“Many companies spend thousands of Rands on the hire of multifunctional printers and copiers but the contracts and related costs are never fully verified making it difficult for the company to recognise whether or not they are getting a fair deal,” says Sabine Stevens, a director of Merchant West. “Given the lack of transparency and un-accessible data around the cost of this equipment, the company has no other option but to take the supplier’s word for it.”

This is where Price Tag comes in. Merchant West has leveraged its experience in the industry and knowledge of available brands to collate a comprehensive list of mutlifunctional printer and copier prices and related contract costing structures available in South Africa. For a sense of what Price Tag is capable of consumers can register and log on to the website and make use of four tools to give them the information needed to make the right decision about officeautomation agreements into which they will be tied for the foreseeable future. Although online access is limited a full audit can be arranged through Merchant West. The tools available are :


1.     Price Verification on new equipment – Does the price you have been quoted for a specific make and model of equipment fall within the industry floor and ceiling price?

2.     Pricing analysis on existing equipment – Have you been offered a fair price on your existing contract in relation to industry standards?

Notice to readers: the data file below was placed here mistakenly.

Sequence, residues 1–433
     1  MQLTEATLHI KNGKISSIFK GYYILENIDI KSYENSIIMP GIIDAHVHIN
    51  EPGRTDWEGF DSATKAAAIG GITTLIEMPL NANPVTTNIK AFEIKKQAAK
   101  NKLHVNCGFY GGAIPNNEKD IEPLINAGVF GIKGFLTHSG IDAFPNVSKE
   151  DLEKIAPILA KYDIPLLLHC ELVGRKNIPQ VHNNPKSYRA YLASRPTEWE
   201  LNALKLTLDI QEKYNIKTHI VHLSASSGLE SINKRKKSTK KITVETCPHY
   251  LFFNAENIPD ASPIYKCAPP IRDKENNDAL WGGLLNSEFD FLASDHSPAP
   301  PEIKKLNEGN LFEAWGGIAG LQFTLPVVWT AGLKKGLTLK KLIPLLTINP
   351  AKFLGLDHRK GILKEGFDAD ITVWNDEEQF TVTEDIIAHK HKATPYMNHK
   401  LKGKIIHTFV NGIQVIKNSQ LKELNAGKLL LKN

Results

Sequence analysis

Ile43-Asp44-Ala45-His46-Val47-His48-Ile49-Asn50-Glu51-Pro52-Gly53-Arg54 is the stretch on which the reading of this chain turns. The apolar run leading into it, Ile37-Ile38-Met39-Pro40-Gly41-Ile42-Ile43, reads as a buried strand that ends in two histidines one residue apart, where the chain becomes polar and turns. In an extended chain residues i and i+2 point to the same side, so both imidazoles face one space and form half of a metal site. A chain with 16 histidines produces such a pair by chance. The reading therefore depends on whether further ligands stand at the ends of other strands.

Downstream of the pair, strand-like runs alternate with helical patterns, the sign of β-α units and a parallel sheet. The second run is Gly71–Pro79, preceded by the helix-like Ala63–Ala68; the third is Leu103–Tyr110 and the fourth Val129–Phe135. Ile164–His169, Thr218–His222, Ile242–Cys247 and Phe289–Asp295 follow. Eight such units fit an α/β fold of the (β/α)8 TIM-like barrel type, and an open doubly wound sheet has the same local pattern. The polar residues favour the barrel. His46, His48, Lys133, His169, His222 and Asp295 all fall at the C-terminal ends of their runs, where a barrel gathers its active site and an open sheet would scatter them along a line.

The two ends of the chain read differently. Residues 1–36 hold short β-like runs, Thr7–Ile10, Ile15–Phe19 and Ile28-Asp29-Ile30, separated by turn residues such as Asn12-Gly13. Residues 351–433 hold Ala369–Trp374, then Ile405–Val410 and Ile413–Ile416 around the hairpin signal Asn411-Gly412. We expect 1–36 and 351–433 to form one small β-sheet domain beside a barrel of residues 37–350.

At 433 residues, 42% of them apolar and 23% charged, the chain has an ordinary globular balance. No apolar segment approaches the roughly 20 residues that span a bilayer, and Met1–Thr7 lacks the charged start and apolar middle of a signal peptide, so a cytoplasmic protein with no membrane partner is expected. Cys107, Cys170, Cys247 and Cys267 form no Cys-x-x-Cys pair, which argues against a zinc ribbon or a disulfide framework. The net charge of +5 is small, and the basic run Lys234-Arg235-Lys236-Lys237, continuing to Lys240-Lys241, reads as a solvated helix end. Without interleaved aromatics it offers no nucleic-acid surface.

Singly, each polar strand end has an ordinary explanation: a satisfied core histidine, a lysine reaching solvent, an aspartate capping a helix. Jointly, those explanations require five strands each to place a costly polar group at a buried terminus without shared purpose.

3.     Settlement computation – Is the settlement you have been quoted fair?

4.     Rental calculator – What should your monthly repayments be on the brands, makes and models that you have selected? 

“Access to this information puts the power back into the hands of the business consumer,” says Stevens. “It allows companies to calculate the fair cost of office automation, giving them the tools necessary to negotiate and secure the most cost effective arrangement

 Reputable suppliers are also being placed in a negative light by those that are unreasonably inflating their prices and the reputation of the entire industry is being tainted by the few who put their high margins ahead of fair customer interaction.

Price Tag’s unique verification tools are accessible electronically to any registered user. Visit to register for free. The website is simple and user friendly, and the information is immediate. 

eBucks cements partnership with as eBucks online shopping spend grows by 30%